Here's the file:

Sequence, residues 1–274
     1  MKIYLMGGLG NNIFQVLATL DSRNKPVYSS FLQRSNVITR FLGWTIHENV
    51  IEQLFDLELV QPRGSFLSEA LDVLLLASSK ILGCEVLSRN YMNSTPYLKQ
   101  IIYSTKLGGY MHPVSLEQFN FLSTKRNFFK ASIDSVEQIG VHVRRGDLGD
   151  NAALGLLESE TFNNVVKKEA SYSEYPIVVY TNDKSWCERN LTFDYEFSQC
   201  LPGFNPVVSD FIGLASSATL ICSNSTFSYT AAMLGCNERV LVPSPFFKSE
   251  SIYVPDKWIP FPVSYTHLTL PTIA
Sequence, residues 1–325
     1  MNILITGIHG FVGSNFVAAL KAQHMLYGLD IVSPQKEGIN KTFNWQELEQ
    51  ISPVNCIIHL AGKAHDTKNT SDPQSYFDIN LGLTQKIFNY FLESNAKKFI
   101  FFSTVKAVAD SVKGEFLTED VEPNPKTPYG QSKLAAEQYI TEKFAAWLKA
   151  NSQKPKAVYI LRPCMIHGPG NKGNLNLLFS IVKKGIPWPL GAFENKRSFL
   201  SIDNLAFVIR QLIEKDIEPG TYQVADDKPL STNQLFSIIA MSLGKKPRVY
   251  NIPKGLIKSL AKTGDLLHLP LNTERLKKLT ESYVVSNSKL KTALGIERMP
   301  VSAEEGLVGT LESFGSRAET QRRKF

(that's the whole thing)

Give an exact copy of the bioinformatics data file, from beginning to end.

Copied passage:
Sequence, residues 1–274
     1  MKIYLMGGLG NNIFQVLATL DSRNKPVYSS FLQRSNVITR FLGWTIHENV
    51  IEQLFDLELV QPRGSFLSEA LDVLLLASSK ILGCEVLSRN YMNSTPYLKQ
   101  IIYSTKLGGY MHPVSLEQFN FLSTKRNFFK ASIDSVEQIG VHVRRGDLGD
   151  NAALGLLESE TFNNVVKKEA SYSEYPIVVY TNDKSWCERN LTFDYEFSQC
   201  LPGFNPVVSD FIGLASSATL ICSNSTFSYT AAMLGCNERV LVPSPFFKSE
   251  SIYVPDKWIP FPVSYTHLTL PTIA
Sequence, residues 1–325
     1  MNILITGIHG FVGSNFVAAL KAQHMLYGLD IVSPQKEGIN KTFNWQELEQ
    51  ISPVNCIIHL AGKAHDTKNT SDPQSYFDIN LGLTQKIFNY FLESNAKKFI
   101  FFSTVKAVAD SVKGEFLTED VEPNPKTPYG QSKLAAEQYI TEKFAAWLKA
   151  NSQKPKAVYI LRPCMIHGPG NKGNLNLLFS IVKKGIPWPL GAFENKRSFL
   201  SIDNLAFVIR QLIEKDIEPG TYQVADDKPL STNQLFSIIA MSLGKKPRVY
   251  NIPKGLIKSL AKTGDLLHLP LNTERLKKLT ESYVVSNSKL KTALGIERMP
   301  VSAEEGLVGT LESFGSRAET QRRKF